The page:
SEOUL, Republic of Korea: A high-level delegation of the Democratic People's Republic of Korea (DPRK) officials paid their respects Friday to late former Republic of Korea's (ROK) President Kim Dae-jung, shaking his sons' hands and leaving a wreath at the National Assembly mourning site.
The Democratic People's Republic of Korea (DPRK) leader Kim Jong-il's close aide Kim Ki-nam (L), secretary of the Central Committee of the ruling Workers' Party, leading the DPRK delegation to the funeral, offers flowers to the deceased former ROK President Kim Dae-jung at a memorial altar at the National Assembly in Seoul August 21, 2009. [Agencies]
The visit is the first to Seoul by the DPRK officials in nearly two years, and only the second time Pyongyang has sent a delegation to Seoul for mourning rites. Dressed in black, they laid a wreath emblazoned with the name of the DPRK leader Kim Jong-il at the altar for the former president.
Chief delegate Kim Ki-nam then burned incense, and the six-member delegation bowed before a large portrait of Kim Dae-jung before greeting his family.
The visit to mourn a man who devoted his presidency to building better relations with the DPRK raised hopes of improved ties on the tense Korean peninsula. Kim died Tuesday at age 85.
The two Koreas officially remain in a state of war because their three-year conflict ended with a cease-fire, not a peace treaty, in 1953.
Kim Dae-jung was respected on both sides of the border for his efforts to break down decades of postwar mistrust. His "Sunshine Policy" of reaching out to the DPRK with aid - highlighted by a historic summit with Kim Jong-il in 2000 - won him the Nobel Peace Prize.
The DPRK delegation's closely watched trip may provide a valuable opportunity for dialogue between the two Koreas, whose relations have deteriorated since the ROK President Lee Myung-bak, a conservative, took office last year, abandoning the Sunshine Policy.
Lee has said Pyongyang must follow through on its commitments on nuclear disarmament before receiving aid.
It was not clear whether the delegation, which includes spy chief Kim Yang-gon, would hold talks with the ROK officials before returning home Saturday. Unification Ministry spokesman Chun Hae-sung told reporters that no other itinerary for the delegation had been set.
Pyongyang has only dispatched a condolence delegation once before - a one-day trip in 2001 to mourn Chung Ju-yung, the founder of the ROK's Hyundai Group, which funded the first inter-Korean joint projects.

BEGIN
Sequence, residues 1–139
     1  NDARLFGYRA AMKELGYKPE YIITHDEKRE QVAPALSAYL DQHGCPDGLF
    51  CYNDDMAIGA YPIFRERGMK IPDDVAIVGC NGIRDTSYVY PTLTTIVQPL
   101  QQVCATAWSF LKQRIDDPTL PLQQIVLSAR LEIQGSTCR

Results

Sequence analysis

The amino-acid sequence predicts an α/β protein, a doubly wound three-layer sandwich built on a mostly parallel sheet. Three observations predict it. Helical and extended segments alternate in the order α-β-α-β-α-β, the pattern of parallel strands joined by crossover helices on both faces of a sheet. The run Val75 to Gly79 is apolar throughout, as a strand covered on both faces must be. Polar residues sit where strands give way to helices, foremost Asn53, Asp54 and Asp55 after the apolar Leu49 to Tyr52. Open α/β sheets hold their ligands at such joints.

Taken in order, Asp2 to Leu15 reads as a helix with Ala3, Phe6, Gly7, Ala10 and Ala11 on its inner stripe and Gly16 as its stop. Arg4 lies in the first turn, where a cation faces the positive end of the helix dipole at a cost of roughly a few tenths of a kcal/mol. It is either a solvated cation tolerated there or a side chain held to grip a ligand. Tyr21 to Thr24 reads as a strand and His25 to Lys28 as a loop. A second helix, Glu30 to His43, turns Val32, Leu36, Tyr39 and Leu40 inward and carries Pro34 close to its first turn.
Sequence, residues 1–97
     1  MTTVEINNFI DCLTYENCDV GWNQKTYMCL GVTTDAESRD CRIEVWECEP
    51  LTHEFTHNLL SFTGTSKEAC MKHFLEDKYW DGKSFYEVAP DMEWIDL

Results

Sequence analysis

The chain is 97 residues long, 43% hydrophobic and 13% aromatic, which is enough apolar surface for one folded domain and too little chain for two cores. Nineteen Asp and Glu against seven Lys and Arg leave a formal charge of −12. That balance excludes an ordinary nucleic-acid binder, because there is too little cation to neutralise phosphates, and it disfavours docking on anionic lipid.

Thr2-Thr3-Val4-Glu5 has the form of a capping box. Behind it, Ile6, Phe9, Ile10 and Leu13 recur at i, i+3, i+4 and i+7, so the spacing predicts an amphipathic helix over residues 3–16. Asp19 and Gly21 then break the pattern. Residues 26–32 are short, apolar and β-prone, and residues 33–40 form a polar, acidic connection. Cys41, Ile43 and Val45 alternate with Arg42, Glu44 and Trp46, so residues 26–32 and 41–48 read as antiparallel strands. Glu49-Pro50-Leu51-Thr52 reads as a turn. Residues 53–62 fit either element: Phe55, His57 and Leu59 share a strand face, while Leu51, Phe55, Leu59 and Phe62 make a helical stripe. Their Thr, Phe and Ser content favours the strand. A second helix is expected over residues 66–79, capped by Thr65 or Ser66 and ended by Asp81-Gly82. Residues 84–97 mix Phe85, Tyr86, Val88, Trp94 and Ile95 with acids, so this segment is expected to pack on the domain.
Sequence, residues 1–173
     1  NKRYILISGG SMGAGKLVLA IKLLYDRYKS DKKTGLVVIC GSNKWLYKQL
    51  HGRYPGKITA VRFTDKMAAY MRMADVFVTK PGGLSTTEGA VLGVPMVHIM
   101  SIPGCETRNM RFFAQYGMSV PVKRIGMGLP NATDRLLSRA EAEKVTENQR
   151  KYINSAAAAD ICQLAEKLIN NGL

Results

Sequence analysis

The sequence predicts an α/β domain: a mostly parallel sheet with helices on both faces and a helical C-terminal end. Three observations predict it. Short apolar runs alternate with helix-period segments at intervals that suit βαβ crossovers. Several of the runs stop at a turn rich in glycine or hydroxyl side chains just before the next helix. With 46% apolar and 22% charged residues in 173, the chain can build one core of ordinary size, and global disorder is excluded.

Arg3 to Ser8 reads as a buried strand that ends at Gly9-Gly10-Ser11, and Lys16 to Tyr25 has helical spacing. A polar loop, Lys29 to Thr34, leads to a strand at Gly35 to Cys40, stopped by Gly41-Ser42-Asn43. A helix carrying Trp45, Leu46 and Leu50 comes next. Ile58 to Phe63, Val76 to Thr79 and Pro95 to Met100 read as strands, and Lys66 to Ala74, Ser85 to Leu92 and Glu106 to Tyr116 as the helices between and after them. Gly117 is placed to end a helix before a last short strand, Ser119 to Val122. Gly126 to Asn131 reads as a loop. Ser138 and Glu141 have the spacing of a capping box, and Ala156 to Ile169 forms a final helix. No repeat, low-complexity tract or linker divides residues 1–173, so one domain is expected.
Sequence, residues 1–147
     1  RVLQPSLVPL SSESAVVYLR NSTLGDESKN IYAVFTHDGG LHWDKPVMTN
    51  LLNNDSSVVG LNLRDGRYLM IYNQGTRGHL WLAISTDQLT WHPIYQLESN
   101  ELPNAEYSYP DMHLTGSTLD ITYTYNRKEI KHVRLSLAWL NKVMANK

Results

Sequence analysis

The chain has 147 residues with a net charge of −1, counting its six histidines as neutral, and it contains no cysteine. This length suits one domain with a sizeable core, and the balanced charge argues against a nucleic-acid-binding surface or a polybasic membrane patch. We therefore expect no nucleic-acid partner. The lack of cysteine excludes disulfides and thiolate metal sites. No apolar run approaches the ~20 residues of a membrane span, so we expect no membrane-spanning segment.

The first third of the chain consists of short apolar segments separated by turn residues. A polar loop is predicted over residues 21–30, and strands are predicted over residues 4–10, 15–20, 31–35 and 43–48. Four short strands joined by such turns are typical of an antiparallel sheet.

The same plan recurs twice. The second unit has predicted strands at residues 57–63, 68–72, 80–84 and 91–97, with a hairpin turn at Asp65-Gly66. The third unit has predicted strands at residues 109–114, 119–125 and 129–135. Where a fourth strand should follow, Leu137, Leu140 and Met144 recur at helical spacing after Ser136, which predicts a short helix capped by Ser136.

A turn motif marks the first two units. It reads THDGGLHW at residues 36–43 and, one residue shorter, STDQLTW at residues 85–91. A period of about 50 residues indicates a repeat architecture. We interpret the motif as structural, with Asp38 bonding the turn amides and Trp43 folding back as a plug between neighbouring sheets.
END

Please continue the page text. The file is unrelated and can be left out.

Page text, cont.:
The visit is the latest conciliatory gesture by the DPRK after months of tensions as it conducted a nuclear test and test-fired a barrage of missiles, earning international condemnation and UN sanctions.
After former President Bill Clinton went to Pyongyang on Aug. 4 to secure the release of jailed American reporters Euna Lee and Laura Ling, holding talks during the visit with Kim Jong-il, the DPRK released a ROK national whom it had held for four months.
It also agreed to allow the resumption of some joint North-South projects suspended amid tensions with Seoul, and said it would lift restrictions on cross-border traffic in place since December and resume cargo train service across the border.
The DPRK diplomats, meanwhile, met for a second day Thursday in the United States with New Mexico Gov. Bill Richardson.
Richardson said they told him the DPRK was ready to discuss its nuclear program with Washington. Pyongyang abandoned six-nation talks on nuclear disarmament earlier this year. The governor described the discussions as "very positive."
But in a reminder of the state of war in the Korean peninsula, a DPRK military official warned that his country is braced for conflict with the US and the ROK.
The DPRk will deal a "merciless and immediate" strike against any US or the ROK provocation, the official Korean Central News Agency quoted the unidentified official as saying.
The DPRK military said earlier its army is on "special alert" because of joint US-ROK military exercises in the South.
Seoul and Washington say the annual computer-simulated war games are purely defensive.